Infections from Drug Vials on the Rise
Written by Faith Anderson on July 17, 2012
Re-Use of Drug Vials Due to Drug Shortages
One of two recent infection cases surfaced in Arizona in April 2012, and involved at least three patients who were diagnosed with MRSA infections after receiving outpatient treatment at a pain management clinic. A second case occurred in Delaware in March 2012, when at least seven patients were hospitalized with evidence of bursitis and septic arthritis after receiving joint injections from the same outpatient clinic. According to a recent report featured in the U.S. Centers for Disease Control and Prevention (CDC) Morbidity and Mortality Weekly Report, federal health officials have suggested that, in both instances, clinicians reported a difficulty obtaining the vial size or medication type they needed, resulting in their attempt to reuse single-dose vials on multiple patients. Since 2007, which is the year that injection safety was included as a component in Standard Precautions, at least 20 infection outbreaks have been linked to the inappropriate use of single-use or single-dose drugs on more than one patient.
Do CDC Guidelines Cause Drug Shortages?
The recent CDC report outlines the importance of adhering to U.S. Pharmacopeia standards for safe injection practices, in order to avoid infection transmission and to reduce the risk of adverse side effects caused by multi-patient use of single-dose medication vials. According to the CDC, drugs labeled as “single-dose” or “single-use” should be only used in that way, as life-threatening infections may result from medications being contaminated by multiple uses. Concerns have been raised however, about whether these CDC guidelines contribute to drug shortages and increased medical costs for healthcare providers.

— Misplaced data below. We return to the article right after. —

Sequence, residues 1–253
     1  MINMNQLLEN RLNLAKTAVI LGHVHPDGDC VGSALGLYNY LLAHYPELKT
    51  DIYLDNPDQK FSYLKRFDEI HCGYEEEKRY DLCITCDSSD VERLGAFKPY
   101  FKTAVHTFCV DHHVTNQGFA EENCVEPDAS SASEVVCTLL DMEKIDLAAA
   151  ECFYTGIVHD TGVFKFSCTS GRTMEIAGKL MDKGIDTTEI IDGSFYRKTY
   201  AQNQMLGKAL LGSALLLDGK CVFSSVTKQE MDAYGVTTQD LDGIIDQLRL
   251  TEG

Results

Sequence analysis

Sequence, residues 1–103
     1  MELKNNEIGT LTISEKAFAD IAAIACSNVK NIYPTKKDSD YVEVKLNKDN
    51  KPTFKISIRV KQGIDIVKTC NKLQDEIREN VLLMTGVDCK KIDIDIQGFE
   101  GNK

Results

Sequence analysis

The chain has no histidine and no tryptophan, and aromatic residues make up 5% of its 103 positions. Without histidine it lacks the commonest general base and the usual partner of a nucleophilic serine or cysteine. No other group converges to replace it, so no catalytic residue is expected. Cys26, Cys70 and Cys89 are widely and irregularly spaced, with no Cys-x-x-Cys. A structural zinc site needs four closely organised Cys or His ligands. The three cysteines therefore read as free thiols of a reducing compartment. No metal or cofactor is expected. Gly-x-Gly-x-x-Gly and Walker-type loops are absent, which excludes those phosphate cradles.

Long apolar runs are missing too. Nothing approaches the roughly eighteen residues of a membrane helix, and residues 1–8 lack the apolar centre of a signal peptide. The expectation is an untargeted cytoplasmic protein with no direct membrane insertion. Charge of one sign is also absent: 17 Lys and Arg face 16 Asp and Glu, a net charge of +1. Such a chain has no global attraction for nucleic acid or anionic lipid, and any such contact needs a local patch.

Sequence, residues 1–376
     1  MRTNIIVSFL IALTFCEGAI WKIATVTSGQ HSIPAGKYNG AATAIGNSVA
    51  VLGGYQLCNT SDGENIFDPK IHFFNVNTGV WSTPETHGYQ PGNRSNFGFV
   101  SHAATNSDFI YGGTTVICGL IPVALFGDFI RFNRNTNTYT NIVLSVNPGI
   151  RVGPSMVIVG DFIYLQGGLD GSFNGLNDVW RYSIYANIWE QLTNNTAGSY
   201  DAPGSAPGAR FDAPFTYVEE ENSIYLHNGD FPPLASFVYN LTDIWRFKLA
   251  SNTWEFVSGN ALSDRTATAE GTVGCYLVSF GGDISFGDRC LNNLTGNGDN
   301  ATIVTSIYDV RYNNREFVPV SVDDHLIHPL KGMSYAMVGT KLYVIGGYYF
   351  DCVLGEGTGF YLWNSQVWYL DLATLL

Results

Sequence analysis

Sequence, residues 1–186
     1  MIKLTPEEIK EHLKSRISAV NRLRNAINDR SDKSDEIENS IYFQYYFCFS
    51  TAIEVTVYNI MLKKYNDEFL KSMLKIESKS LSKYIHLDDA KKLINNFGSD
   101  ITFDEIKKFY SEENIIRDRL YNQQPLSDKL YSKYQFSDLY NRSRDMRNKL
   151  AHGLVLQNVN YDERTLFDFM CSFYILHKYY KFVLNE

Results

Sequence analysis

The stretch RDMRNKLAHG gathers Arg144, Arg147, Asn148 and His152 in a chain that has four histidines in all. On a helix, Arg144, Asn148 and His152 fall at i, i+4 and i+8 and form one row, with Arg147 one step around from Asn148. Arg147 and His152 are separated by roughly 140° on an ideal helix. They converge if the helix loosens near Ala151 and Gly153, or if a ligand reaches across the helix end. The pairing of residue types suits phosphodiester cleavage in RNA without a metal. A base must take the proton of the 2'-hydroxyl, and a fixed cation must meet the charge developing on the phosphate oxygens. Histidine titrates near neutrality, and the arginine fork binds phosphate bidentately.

U.S. Drug Shortages on the Rise
According to an FDA report released last year, the number of drug shortages has tripled from 61 in 2005 to 178 in 2010. Of the 127 drug shortages studied from 2010 to 2011, sterile injectables accounted for the majority, at 80%. The major therapeutic classes of drugs affected by shortages included oncology drugs (28%), antibiotics (13%) and electrolyte/nutrition drugs (11%). The FDA report also indicates that the primary causes of shortages reported to the agency were problems at the manufacturing facility (43%), delays in shipping or manufacturing (15%), and active pharmaceutical ingredient shortages (10%). Shortages caused by problems with manufacturing quality can involve serious issues, including the presence of metal filings, glass shards, and the contamination of products intended for injection in patients.